Business As Usual After Polling Day

Published 11 years ago

Peaceful, organized and quiet on a Sunday afternoon. That was election day in the otherwise bustling and chaotic seaside capital of Luanda.

“I’m so proud of my country right now. Angola has shown it can organize itself, if it wants to,” says IT engineer Jose Tomas.

The August parliamentary elections were Angola’s second since the end of the civil war (1975-2002) and the third since independence. UNITA (The National Union for the Total Independence of Angola) almost doubled its 10% take from the 2008 elections, while new coalition CASA-CE won 6% of the votes. The MPLA is down 10% from its 82% landslide victory in 2008. Voter turnout at 60% was low. The African Union (AU) deemed the elections free, fair, just, transparent and credible. European observers were also positive.


“The margin of the MPLA victory, the AU observer mission’s judgment and the continued presence of Dos Santos as president spell continuity. The MPLA still has an absolute majority in Parliament. The increase in opposition MPs will have little impact on law-making and is unlikely to affect international business interests,” says Markus Weimer from independent think tank Chatham House

South African managing director of telecom company MCS Angola, Ryan Ellerker, thinks the peaceful elections and MPLA’s victory will have “a definite positive effect” on Angola’s business climate. He has already seen projects previously on hold being restarted.

“That shows confidence in the market, in the country and its political stability,” he says.

Managing director of insurance broker AIBA Rupert Weterings, who grew up in Zimbabwe, echoed Ellerker’s view.


“The positive political climate combined with the fact that Angola is one of Africa’s most resource-rich countries makes one realize that Angola is open for business.”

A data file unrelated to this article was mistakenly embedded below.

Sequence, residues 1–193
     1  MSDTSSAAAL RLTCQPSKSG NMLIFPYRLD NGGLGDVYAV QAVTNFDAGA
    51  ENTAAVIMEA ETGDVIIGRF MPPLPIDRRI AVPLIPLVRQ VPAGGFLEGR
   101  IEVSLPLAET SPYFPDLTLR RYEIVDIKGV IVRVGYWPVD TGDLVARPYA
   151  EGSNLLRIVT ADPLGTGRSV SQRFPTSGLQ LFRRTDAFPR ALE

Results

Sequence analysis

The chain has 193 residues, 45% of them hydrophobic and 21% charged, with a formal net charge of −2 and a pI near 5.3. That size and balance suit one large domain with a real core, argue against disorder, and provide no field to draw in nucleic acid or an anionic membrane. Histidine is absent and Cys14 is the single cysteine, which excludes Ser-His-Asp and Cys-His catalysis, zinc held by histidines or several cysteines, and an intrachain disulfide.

In the run-up to the elections, Angola’s largest opposition party UNITA held nationwide street protests twice against perceived fraud, lack of transparency, unequal funding and lack of media space. Other opposition parties have voiced similar grievances.

But Unita’s protests took the shape of cheerful campaign gatherings and a healthy wake-up rather than a threat to the status quo. Opposition parties may contest the election results within the framework of the law, but Weimer does not expect a different outcome.

The street protests of Angola’s budding revolutionary youth movement and disgruntled war veterans, which unlike the political opposition protests were forcefully repressed, dwindled as the elections drew near. Many of the veterans—who demanded long overdue social subsidies—were paid last-minute. The youths, who have suffered physical violence and threats, generally chose to voice their discontent in the larger and safer framework of opposition party’s manifestations.


In other words, time does not seem ripe for change.

According to Weimer, the government’s goal for the next five years will be to empower the Angolan private sector—particularly the small- to medium-sized businesses—agriculture and to increase formalization of informal businesses.

“After 10 years of national reconstruction, the top government priorities are now job creation and the reduction of poverty and inequality, which are crucial for medium to long-term stability,” he says.

The key to achieving these aims, according to Weimer, is the “colossal task” of diversifying the Angolan economy. “Colossal” because a staggering 97% of Angola’s exports are currently petroleum products, while the oil sector only employs around 1% of the population. In order to achieve all this, mass education is crucial, Weimer warns.


One essential factor must not be forgotten: President Dos Santos turned 70 three days before the elections and is widely expected to retire within the next few years. Vice-president Manuel Vicente, the former CEO of Sonangol, is equally widely expected to follow in his footsteps. But for that, Weimer said, “Vicente will have to develop his own support base and popularity.”

“The transition process may well take a few years still, but a smooth presidential succession is essential for continued stability.”

For now